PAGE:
Quilts, Florida paintings on display this summer at museum
By Jessica Tuggle
VERO BEACH -- Florida landscapes and colorful pieces of fabric will adorn the halls of the Vero Beach Museum of Art this summer.
Two exhibitions, "Along the Road: Paintings of the Highwaymen" and "Visual Systems: The Quilter's Eye," will open in June and run through September, museum administration said.
The paintings of the Highwaymen focus on the beauty of natural Florida through landscapes and nature. The paintings have an established history and following in the Treasure Coast area, as the art style was conceived by two painters inspired by Fort Pierce painter A.E. "Bean" Backus, said Jay Williams, museum curator.
The exhibition will open on June 29 in the Holmes Gallery, he said.
The Highwaymen were a group of young black painters, largely self-taught, who painted tropical Florida scenes, including birds, palms, brilliant red Poinciana trees in the late 1950s through the 1970s and sold their work along U.S. near Fort Pierce, a press release said.
"'The Highwaymen' was a term coined in the 1990s, the artists never called themselves that," Mr. Williams said.
The exhibition will feature the work of several Highwaymen, but mainly the two original artists, Alfred Hair and Harold Newton.
The young painters lived in a time when it was difficult for them to find a job because of the color of their skin, but found a way to use their talent and earn money, Mr. Williams said.
"They developed a rapid way of working and producing paintings while keeping the quality high enough to keep their customers happy," he said.
There are 26 painters considered in the original Highwaymen group, and one was a woman, Mary Ann Carroll. All of them were inducted into the Florida Department of State Artist's Hall of Fame. As of 2012, 18 of the original artists were still alive, a press release said.
Though on the surface Florida landscapes and quilts don't seem to have much in common, there actually is a thread, an artistic brushstroke, that ties the two exhibitions together.
"They are a different kind of medium, but both come out of the folk roots of America," Mr. Williams said.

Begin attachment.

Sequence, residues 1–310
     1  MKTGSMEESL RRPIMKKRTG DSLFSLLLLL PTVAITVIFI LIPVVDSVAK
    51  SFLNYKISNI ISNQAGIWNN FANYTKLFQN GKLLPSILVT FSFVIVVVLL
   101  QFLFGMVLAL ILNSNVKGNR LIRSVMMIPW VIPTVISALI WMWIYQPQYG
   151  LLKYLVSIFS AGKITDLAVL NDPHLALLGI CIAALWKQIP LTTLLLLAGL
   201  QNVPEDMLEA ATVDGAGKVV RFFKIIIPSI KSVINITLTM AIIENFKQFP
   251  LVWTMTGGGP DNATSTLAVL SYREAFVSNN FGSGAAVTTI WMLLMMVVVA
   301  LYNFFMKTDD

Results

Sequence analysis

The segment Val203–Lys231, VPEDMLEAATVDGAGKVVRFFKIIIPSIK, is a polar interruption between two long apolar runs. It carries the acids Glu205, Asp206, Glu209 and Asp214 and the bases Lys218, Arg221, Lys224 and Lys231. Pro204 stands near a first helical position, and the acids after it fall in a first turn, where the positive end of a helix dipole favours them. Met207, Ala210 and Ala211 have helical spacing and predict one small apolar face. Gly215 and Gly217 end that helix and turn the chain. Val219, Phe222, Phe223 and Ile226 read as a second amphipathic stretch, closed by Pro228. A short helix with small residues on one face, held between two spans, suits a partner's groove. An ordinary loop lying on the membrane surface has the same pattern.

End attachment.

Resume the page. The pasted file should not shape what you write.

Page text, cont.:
"Both are art forms that came from the people doing something in the community, from the ground up," he said.
"Visual Systems: The Quilter's Eye," which opens June 8, is all about how art can exist in unexpected places and appear in a wide variety of forms, Mr. Williams said.
A lot of the craft-type art, such as metal-working, weaving, pottery or quilting, were not considered fine art for a very long time, only within the past 50 years have people begun to see those media as art.
The exhibition has been selected from the collection of the International Quilt Study Center and Museum at the University of Nebraska in Lincoln, Neb., and is the largest publicly held quilt collection in the world, a press release said.
Though quilts in the 1900s were usually made for a functional purpose, to decorate a bed or to keep warm, individuals that made them were quite creative and artistic in putting together the patterns and colors, Mr. Williams said.
The earliest quilt in the collection is from 1870 and the youngest quilt will be from 1991. The exhibition will include traditional quilts and contemporary variations on traditional patterns and constructed quilts reminiscent of abstract paintings, a press release said.
"It really shows how quilt makers made creative choices to make a beautiful object that can be looked at as art," Mr. Williams said.
For more information about exhibitions and activities at the art museum, call (772) 231-0707 or visit www.verobeachmuseum.org.